I have a very good short sale attorney as well. Please, check out my web page for more info http://www.ChicagoShortSale.org
The great thing about doing a short sale is that you get to list the home with a Realtor and market it just like a typical sale.
The Realtor will list the property, then they will have you sign an authorization letter to act on your behalf. This way they can communicate with your lender.
As long as your Realtor knows what they're doing they should be able to hold your hand through the entire process from beginning to the end. 90% of the work will be done by your Realtor.
This article may also help you. http://brandonschuppe.com/custom9.shtml
Your best bet is to talk with a firm that specializes in short sales. A lot of places do. Feel free to call me and I would be happy to explain in further detail.
Americorp Real Estate
Brokers Associate, e-PRO
Talk to experts in your area so you understand specifically for your situation. But intent is always a big part of liability. Talk to an attorney.
First Weber Group
Certified Distressed Property Expert
There are many questions/conditions that need to be addressed before a solid response can be provided. Is this your primary residence, what's the hardship, your assets, etc... That being said, it is in your best interest to meet one on one with a Realtor in your area to better assess your situation.
In addition to the SFR (Short Sales & Foreclosure Representative) designation, in Illinois, we also have the ADPR, Accredited Distressed Property Representative.
It's one thing to have the "book smarts" but experience is the key. it bridges the gap between knowledge & application & helps to ensure a smoother process. It definitely helps avoid some of the pitfalls a person with less or little experience can face, circumvention.
Please feel free to contact me directly for more information. Good luck!
Evelyn S. Fred
Accredited Distressed Property Rep.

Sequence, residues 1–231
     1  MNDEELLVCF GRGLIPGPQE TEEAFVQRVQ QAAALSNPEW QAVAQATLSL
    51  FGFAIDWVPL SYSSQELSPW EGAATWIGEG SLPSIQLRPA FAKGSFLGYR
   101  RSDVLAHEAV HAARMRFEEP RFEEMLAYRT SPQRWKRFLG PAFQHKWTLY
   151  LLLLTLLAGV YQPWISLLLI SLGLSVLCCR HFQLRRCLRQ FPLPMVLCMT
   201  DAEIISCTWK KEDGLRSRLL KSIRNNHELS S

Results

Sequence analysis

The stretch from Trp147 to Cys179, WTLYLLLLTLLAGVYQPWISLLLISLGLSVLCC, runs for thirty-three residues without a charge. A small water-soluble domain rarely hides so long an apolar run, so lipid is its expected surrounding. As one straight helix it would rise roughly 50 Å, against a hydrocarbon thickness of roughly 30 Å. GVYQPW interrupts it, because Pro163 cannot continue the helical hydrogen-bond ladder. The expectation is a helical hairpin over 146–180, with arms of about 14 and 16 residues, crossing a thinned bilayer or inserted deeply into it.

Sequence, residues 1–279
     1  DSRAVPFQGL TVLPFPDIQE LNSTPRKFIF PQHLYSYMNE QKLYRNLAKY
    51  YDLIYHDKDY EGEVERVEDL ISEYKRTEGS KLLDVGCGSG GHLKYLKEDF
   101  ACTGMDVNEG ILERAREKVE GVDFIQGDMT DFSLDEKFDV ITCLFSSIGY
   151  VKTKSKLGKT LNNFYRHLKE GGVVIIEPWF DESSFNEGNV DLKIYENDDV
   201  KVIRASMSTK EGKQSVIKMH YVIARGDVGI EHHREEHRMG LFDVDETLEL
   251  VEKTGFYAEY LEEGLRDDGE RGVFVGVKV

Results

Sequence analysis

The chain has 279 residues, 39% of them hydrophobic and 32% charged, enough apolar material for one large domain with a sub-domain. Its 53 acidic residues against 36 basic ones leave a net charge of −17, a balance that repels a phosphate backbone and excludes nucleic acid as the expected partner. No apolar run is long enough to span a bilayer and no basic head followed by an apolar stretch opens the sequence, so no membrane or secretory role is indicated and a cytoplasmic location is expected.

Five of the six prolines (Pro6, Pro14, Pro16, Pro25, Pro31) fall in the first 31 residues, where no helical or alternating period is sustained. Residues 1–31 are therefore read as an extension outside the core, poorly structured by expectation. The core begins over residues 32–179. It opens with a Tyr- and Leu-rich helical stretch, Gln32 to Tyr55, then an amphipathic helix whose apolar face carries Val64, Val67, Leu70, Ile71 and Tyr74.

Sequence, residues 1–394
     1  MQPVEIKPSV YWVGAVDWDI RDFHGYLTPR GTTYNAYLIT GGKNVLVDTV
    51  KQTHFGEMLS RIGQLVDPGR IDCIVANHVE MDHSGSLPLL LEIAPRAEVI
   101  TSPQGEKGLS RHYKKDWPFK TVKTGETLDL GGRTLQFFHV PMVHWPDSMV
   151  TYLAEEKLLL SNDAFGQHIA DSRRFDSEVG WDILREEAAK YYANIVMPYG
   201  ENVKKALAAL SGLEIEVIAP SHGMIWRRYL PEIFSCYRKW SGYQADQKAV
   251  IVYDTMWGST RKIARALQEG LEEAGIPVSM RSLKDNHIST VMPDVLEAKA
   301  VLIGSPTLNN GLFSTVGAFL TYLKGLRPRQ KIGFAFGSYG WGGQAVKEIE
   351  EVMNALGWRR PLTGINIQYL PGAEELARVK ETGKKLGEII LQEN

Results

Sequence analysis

Short Sales & Foreclosure Rep.
Is this your primary home? Short sales on investment properties or second homes are much harder to obtain approvals, particularly if you have equity in other properties or assets. If you have assets, a lender is unlikely to simply "forgive" all of the debt in a short sale. In the alternative, you may be able to work out an arrangement to pay some, all, or most of the deficiency after the sale. You will need to propose a solution to the lender which makes sense for the lender. The lender will simply not walk away if there is an oppty to recoup their asset (the outstanding loan.)
Look for a boutique real estate firm that handles short sales, or look for an agent or agent team within a larger brokerage that markets themselves as specialists in this area. Attorneys who specialize in foreclosure defense often know Realtors who have expertise in this area. You can also look for agents who have the designations CDPE or SFR, both of which indicate some education in the field of distressed properties and short sales. I do hold the SFR, and have considered pursuing the CDPE. While I do hold the SFR, I wouldn't recommend making a hiring decision solely upon this merit. The SFR is rather basic, and experience in this field will go a long way further than simply having taken this class.
Deborah "Deb" Madey
Peninsula Realty Group
732 530 7755 Office
732 530 6350 Direct